That great escape by Barcelona
The final of the European Champions League will be played on Wednesday, May 27, at the Olympic Stadium in Rome. It will be defending champions Manchester United versus last year's beaten finalists Barcelona, and based on the action from the very beginning, based on the action in the semi-finals, it should be a great occasion, a match to remember.
On Tuesday in London, Man-chester United, the home of a champion like Denis Law, a genius like George Best, after leading 1-0 from the first leg went to the Emirates Stadium and trounced Arsenal 3-1. Then on Wednesday, in an exciting and dramatic encounter also in London, in a match which went to the wire, Barcelona, after drawing 0-0 in the first leg, went to Stamford Bridge, and after trailing 0-1 for almost the entire match, found the winner.
And what a winner it was. After Michael Essien had shot the home team into the lead in the ninth minute with a glorious left-footer from some 34 yards out, after Eric Abidal was sent off in the 66th minute and Barcelona were left with 10 men, after Barcelona had kept on fighting in search of the goal that they believed would have been enough to take them to Rome, Andres Iniesta, picking up a pass from Lionel Messi on the edge of the Chelsea penalty area, smashed home the equaliser three minutes into injury time to squeeze into the final on the away-goal rule.
I was not at Stamford Bridge, I was watching the match on television at home, but when the ball sailed past goalkeeper Petr Cech and rippled the net, I felt a lump in my throat.
My favourite team, outside of Jamaica and apart from my beloved Cavalier with players like Art Welsh and Neville Oxford, is Tottenham Hotspurs of Whitehall Lane - the home of former stars Danny Blanchflower and Bobby Smith, Jimmy Greaves and Chris Waddle, Glenn Hoddle and Paul Gascoigne, Ossie Ardilles and Ricky Villa, Juergen Klinsman and David Ginola; and I have no love for Chelsea, for the boring Blues.
Like hundreds, however, probably thousands of the home team's fans who reacted like an atom bomb had surprisingly dropped from the sky and had exploded among them, or as if they had seen a ghost, I was shocked.
Unlike Chelsea's fans, I did not shed a tear, but my eyes were filled. I simply could not believe it.
In one minute, Chelsea were on the way to Rome, and then in a flash, in the twinkle of an eye, like a flash of lightning, after one single shot, they were out and Barcelona were in.
In one split second those who were cheering were stunned into graveyard silence and were crying; those wearing long, sad faces were singing and dancing.
It was almost unbelievable, and it demonstrated once again the greatness of sport.
To some people, the greatness of sport is skill - the ability of man, or woman, to express him or herself and in parading his or her skill to climb the mountain, to reach the top.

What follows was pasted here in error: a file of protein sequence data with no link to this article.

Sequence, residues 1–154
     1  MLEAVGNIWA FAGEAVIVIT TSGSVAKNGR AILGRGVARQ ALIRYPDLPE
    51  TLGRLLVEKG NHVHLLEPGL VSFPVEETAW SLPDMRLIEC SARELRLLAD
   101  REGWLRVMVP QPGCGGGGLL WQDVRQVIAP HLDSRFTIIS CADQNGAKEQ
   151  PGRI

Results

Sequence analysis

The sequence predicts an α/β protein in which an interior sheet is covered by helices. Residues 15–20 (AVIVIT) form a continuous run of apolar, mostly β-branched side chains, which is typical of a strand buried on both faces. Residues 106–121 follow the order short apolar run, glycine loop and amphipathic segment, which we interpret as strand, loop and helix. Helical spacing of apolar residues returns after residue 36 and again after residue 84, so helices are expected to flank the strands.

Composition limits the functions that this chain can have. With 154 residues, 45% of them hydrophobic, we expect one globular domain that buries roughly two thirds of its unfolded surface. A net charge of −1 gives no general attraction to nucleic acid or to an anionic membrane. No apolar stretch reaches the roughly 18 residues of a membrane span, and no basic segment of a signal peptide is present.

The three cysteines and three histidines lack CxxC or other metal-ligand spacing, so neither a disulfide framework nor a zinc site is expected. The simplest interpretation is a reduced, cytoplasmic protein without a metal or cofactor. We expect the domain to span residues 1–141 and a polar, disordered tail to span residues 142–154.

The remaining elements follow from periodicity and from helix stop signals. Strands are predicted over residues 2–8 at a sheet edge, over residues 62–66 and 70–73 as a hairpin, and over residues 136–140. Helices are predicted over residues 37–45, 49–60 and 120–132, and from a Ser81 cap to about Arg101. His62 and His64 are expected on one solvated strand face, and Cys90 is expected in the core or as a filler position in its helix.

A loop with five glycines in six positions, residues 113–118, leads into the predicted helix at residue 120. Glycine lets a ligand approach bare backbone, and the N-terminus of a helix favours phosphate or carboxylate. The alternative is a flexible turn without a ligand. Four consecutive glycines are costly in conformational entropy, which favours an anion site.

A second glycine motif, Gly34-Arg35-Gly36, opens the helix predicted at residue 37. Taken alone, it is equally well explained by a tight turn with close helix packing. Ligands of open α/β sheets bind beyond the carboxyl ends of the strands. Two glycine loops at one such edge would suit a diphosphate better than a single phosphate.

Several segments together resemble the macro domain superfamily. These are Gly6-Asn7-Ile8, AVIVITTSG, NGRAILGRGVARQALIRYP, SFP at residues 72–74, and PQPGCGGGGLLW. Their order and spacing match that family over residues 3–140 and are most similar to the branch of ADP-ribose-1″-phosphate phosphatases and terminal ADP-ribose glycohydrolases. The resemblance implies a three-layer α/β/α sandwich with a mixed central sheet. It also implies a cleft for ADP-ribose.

To some people, the greatness of sport is its ability to bring people together regardless of race, colour, religion, or class and, instead of taking sides, in giving every one an equal chance.
To others, however, the greatness of sport is its glorious uncertainty.
As it did on May 26, 1999, at Barcelona's Camp Nou in Spain when, with Bayern Munich leading 1-0 and with the minutes ticking away, United scored twice in the last two minutes to win the title, as it has done on many occasions in so many other sports, and as it did on Wednesday, the greatness of sport, apart from its effect on the psyche of a people, is arguably its ability to come up with surprising finishes, with victory against the odds, and with a climax so thrilling and so unexpected that it is sometimes like a fairy tale, like something out of a dream.
As we look forward to the final, however, we should remember Chelsea - the team which never lost to Barcelona, the team which drew their two semi-final matches 0-0 and 1-1, the team which, hunting a place in the final in an effort to avenge their penalty-shoot-out loss in last year's final, suffered a heart-rending, deadly blow with the whistle in the referee's mouth.
It is always difficult, sometimes unfair, to blame referees or umpires for a defeat, but based on what was seen on the television, following many television replays, apart from what seemed an obvious penalty when Gerard Pique handled the ball in the Barcelona goal area, there were four shouts for fouls in the Barcelona area by Barcelona players on Chelsea players.
All four were good shouts, there were fouls, the kind which have been answered with the referee pointing to the spot on many, many occasions, Norwegian referee Tom Hennings Ovred did not give even one, he just waved the protests away, and although one never knows, it is possible, very possible, that had he given even one, had Chelsea scored even one, Barcelona would have been buried long before Messi and Iniesta engineered their amazing escape.
Manchester United versus Barcelona, Cristiano Ronaldo versus Messi, Wayne Rooney, Dimitar Berbatov, Carlos Tevez, Ryan Giggs, Rio Ferdinand and company versus Thierry Henry, Samuel Eto'o, Iniesta, Carlos Puyol, goalkeeper Victor Valdez and company on the same stage for arguably the most prestigious prize in club football, promise 90 minutes of mouth-watering play.
Hopefully, for my sake at least, the ending will be nothing like it was on Wednesday. I do not believe I could survive another shocker of that magnitude.